It’s a juice box, flat, lying on the concrete, with the straw pointing north. It’s in the searching eye of a person, collecting empty bottles from the trash bin. Lifting up the green flask, reflecting against the sun, you can still see the remains of loud music and the weekend fun – in the drops leftover.
It’s a bag of plastic, flying in the air, like an orange bird getting trapped in a tree.
It’s the mess between you and me.
Berlin is a beauty, it’s messy and honest, at times tired from vomit, dripping from stairwells.
And still it has taken care of you, you never fell. At times it crumples up, and then evens out – a constant recycling of breathing in and breathing out.
But the circle of life in the city, it shows that things may come and things may go, what matters is: we arose.
Photo: Friedrich Bungert
“I always wore at least a colored sock”
Günther Anton Krabbenhöft, the senior that got famous through a street-style photograph, is special in every way. With his elegant and colorful clothing, the 70 year old refuses to sink into the beige-grey of many elder people. He prefers to dress elegantly, yet with a touch of extravaganza. This preference is also to be found in his home.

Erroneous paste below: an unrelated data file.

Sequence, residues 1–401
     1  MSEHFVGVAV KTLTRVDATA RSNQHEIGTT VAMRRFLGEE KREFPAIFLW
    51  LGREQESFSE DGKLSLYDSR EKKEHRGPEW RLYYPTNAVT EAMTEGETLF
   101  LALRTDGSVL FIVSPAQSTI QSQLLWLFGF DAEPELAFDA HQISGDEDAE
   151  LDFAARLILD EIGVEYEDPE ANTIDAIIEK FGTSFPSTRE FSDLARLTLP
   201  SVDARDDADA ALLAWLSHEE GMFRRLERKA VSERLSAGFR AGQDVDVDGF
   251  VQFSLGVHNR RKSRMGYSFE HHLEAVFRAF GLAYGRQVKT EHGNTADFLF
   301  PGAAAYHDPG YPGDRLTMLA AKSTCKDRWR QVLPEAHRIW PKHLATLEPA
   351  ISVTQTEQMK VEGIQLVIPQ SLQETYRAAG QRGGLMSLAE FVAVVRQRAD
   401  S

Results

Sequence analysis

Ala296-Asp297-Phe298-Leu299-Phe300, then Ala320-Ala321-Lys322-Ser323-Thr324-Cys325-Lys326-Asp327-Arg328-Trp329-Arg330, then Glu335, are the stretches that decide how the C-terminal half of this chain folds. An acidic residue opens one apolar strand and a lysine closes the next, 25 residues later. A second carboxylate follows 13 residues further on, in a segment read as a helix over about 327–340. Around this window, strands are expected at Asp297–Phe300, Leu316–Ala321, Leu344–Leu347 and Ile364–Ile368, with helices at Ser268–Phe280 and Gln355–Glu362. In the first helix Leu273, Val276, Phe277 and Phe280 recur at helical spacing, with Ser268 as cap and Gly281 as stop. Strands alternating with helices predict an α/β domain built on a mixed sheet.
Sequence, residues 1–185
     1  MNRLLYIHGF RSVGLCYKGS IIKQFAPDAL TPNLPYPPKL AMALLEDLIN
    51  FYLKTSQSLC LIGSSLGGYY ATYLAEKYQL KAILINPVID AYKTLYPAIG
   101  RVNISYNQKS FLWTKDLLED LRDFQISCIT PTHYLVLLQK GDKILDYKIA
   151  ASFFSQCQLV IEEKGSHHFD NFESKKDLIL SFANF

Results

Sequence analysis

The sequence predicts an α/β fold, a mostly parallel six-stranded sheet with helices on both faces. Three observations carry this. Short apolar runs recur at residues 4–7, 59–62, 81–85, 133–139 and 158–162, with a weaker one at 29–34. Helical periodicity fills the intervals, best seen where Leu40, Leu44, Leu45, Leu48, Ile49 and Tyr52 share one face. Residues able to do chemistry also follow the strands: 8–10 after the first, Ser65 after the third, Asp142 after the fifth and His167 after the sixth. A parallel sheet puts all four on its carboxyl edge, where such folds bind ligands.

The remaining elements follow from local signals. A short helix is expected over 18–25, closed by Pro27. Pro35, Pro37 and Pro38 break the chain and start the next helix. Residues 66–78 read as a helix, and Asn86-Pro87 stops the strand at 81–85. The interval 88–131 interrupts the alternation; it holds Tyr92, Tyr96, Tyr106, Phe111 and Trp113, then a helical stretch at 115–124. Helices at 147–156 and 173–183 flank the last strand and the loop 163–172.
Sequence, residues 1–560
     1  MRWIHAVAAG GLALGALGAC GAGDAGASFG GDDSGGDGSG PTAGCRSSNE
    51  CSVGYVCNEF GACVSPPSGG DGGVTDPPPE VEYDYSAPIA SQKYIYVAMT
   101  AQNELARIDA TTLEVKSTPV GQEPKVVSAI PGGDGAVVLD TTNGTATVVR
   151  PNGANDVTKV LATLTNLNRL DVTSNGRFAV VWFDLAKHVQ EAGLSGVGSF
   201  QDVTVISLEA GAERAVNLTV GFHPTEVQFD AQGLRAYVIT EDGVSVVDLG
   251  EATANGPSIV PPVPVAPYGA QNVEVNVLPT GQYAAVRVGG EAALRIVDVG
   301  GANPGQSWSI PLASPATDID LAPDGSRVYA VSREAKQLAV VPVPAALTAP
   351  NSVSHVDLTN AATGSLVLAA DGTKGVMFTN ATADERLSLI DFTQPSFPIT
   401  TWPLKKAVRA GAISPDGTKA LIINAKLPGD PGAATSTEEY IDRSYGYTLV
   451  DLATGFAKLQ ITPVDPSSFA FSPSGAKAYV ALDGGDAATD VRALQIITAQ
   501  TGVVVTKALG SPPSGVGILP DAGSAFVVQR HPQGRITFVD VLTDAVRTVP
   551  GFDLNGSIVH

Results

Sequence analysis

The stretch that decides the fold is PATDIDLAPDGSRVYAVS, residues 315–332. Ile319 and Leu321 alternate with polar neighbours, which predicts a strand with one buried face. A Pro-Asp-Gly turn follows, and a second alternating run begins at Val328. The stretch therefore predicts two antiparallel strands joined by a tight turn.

Krabbenhöft invited Frank Bertram from wunderwerk.berlin to his home in Kreuzberg and told a little bit about his motivations and inspirations to dress well and be different.
Everything in his apartment seems to be well-chosen, from the coat hook to the table he sits on. Even the tea-pot he pours his tea out of is a designer-piece, seemingly. But make no mistake, Krabbenhöft is no hipster, as he states at the end of the video: “Hipsters”, he says, “Hipsters are different”.
See the charming video right after the jump. Read on…
Spring has sprung! And you know what this means: Outdoor locations are becoming a thing again!
No more standing under heating lamps, clutching to your scarves. The last fluffs of your scarfs are scaling off your necks and many heads turn to other people again. With every raising degree, the core areas of the capital shift from inside to outside.
Berlin awakens in Spring. And along with it the people, the cafés, restaurants, urban parks and festivals are returning from their winter hideout. How we’ve missed the many opportunities to enjoy life under the clear sky. With Spring, all these possibilities are back!